I just don't think it's reasonable to demand that Spotify support old technology indefinitely. It's like saying that any software vendor should support their products indefinitely. Logitech could update the Spotify app on the SB. As I understand it you expect Spotify to make sure that all devices with old Spotify support should continue to work indefinitely. I simply disagree.

I agree that the notice is too short, but I have been holding my breath and expecting this ever since Logitech decided so kill the Squeezebox. It worked for another 5 years which I think is more than reasonable. Again, it was Logitechs decision to kill the product, not Spotifys.


Nobody said anything about 'indefinitely'. But 5 years is not very long when talking about an audio device. I have a Denon AV receiver. It doesn't have Spotify on it because it's too old. Newer ones have it though. How long will Spotify support those, and other (sometimes expensive) equipment? Do consumers even think about this? This issue is also happening with 'smart' TV's. The problem nowadays is, devices run software that is more often not supported for the real life expectancy of the hardware. Imho manufacturers should be forced to support their creations far longer than they do now. That's why I really don't want a smart TV or a receiver that can do everything. You might be better of buying separate components, depending on the situation that is. Usually that integrated software is ridden with bugs and whatnot anyway.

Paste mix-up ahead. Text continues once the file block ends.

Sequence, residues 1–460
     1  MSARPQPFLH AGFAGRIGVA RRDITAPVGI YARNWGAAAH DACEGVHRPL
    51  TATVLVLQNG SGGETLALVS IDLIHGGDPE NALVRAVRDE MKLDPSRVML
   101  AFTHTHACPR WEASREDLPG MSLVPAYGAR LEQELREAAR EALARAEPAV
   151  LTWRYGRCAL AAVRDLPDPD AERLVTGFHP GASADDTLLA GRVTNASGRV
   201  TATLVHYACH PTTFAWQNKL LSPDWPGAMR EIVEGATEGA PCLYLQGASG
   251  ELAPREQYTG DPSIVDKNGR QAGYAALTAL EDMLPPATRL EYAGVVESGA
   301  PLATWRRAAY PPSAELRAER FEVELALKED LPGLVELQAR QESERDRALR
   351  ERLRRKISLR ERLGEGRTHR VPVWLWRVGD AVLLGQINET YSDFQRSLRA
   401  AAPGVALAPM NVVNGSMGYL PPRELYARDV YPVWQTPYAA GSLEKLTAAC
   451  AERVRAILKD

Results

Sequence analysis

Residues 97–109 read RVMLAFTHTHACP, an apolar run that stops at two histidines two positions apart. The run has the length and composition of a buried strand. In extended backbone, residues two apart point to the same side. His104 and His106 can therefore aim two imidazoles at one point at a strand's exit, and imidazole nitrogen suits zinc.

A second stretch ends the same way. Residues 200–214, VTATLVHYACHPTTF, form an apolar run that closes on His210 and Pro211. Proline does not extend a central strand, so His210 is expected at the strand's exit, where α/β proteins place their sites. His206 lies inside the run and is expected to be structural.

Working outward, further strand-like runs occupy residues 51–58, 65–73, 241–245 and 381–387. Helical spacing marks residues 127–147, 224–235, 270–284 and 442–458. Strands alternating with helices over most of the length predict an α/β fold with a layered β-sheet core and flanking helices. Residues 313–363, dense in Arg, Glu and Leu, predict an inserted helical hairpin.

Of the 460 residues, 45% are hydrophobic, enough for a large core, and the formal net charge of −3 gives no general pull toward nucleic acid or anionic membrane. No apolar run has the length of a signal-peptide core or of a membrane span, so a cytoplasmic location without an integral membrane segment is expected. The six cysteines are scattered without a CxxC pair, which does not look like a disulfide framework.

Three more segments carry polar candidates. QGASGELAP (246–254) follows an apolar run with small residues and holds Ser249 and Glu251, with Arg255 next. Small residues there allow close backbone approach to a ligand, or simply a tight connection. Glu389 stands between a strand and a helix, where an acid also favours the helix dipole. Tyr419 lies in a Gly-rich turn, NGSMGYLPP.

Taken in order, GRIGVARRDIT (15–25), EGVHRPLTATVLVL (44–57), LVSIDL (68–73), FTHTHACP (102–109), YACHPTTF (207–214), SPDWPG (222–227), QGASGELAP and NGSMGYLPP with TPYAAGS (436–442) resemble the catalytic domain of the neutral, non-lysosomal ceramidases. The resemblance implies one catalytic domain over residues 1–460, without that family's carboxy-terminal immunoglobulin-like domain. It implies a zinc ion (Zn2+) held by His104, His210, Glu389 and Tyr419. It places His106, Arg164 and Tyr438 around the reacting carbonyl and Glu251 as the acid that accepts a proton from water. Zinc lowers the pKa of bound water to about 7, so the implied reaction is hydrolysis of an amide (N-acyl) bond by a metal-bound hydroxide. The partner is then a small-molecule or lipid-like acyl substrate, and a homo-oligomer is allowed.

Regarding Logitech... Well, they indeed killed off Squeezebox years ago, which they bought themselves and couldn't or wouldn't sell. But they did a great thing when they handed over their stuff to the community. That wouldn't have happend with many manufacurers. So they did something quite well. Plus they keep running www.mysqueezebox.com (as is) for now. So they do support their clients in a way. Something Spotify apparently does not.

 

However Spotify itself is 'just' a software service. No hardware involved at the moment. Spotify's focus should be to be able to run on as many devices as possible. Sacrificing a chunk of old clients this way isn't very smart. Especially so when not giving ample notice. And they didn't have to do anything to support these older devices. What they have now works. If they want to introduce a new API older hardware can't play with they should give ample notice and consider the repercussions it involves for many old Spotify users. They clearly didn't care and for that they can (and will) by booed. And they could have opted for a separate service so the new API can coexist next to the old. It's **bleep** software so don't tell me it isn't possible. And cost wise it wouldn't be much for sure. No, there are other motives at work we can only guess at. I bet it involves maximising profits and not satisfied customers.